Chicago, IL- Divorce may be fairly common among couples in Illinois, but that doesn’t mean all couples are well-versed in the process. For the uninitiated, divorce can be a mysterious process and it’s not unusual for a couple to have numerous misconceptions about how property division in Illinois. USAttorneys’ team of divorce lawyers in Illinois
Equitable division means a 50/50 split of a couple’s assets
This is likely the most misunderstood aspect of divorce laws. Many couples have this notion that equitable division means their assets will just be split in half. That’s not necessarily the case. Of course, a couple can decide to do a 50/50 split, but if they are going to rely on the court to make that decision, the court isn’t going to split a couple’s assets in half. Say for instance, one spouse makes less and needs more to maintain the standard of living they enjoyed during their marriage, the court would take that in consideration when deciding how to divide a couple’s assets.
Every marital asset is community property
It’s a natural thing for a couple to think all their possessions belong to both of them, but that isn’t true. Under Illinois divorce laws assets a couple owns prior to filing for divorce is community property, but one spouse can claim property or an asset as exclusively their own. In order to keep an asset from being considered community property, a spouse must provide evidence showing the item or asset was a gift or belonged only to them.
A spouse who earns the most will keep most of their assets and income
In many Illinois marriages, one spouse earns more than the other. Higher-earner often fail to realize that the money they make is not solely theirs. A judge, when considering how to divide a couple’s assets, will consider monetary and non-monetary contributions of each spouse and often awards alimony or spousal support to the lesser earning spouse. That means a portion of the higher-earning spouse’s income will be used to support their estranged spouse.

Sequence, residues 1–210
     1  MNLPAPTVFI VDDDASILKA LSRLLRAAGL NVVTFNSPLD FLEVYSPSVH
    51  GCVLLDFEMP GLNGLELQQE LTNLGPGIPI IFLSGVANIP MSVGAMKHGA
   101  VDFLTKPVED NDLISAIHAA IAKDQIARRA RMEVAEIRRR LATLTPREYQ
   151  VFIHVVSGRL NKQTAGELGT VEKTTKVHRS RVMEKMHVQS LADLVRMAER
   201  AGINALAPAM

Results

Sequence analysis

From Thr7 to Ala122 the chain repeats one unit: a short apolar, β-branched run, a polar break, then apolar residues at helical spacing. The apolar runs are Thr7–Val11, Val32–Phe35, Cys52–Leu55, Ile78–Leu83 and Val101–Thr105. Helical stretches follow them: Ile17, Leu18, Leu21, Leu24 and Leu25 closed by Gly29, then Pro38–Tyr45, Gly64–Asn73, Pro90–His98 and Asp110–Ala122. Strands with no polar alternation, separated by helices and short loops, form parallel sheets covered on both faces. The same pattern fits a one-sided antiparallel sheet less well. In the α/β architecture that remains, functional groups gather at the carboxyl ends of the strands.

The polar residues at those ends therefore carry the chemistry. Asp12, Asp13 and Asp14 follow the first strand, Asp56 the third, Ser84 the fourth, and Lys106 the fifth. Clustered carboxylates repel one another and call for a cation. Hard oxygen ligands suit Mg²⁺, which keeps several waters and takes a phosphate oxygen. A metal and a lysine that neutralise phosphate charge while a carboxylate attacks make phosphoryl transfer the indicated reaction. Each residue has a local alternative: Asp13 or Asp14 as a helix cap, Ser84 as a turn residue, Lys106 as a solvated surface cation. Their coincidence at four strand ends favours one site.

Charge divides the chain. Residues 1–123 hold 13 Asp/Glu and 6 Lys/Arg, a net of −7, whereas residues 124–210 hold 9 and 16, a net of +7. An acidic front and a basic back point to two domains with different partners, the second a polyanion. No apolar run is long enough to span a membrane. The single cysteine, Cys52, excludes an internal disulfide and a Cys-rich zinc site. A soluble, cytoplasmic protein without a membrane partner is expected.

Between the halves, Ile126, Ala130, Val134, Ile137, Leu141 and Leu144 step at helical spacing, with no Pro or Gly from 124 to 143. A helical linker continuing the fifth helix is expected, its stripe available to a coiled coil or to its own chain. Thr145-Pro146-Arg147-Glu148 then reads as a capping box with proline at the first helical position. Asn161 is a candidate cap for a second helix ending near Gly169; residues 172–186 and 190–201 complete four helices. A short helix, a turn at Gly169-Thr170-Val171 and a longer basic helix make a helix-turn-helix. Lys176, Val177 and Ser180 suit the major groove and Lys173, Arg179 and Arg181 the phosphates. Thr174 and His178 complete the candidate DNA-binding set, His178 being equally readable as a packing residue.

My business is not considered marital property
This is another common misconceptions and unfortunately for one spouse, a business can be considered community property and can divided up in the final divorce settlement.
Some Illinois couples already know how they will split their property and assets when they decide to file for a divorce. They can do this alone or with the assistance of an attorney through negotiations. But some couples need help making such important decisions, so they should turn to a divorce lawyer in Illinois for their expert advice. They will explain the state’s equitable division laws and tell you what to expect for your divorce.
Having a divorce lawyer on your side, protecting your interests will make the process a little easier. The legal eagles at USAttorneys strive to get their clients the best settlement possible and take some pain out whole affair. Contact one of our attorneys today and let them get started on your case.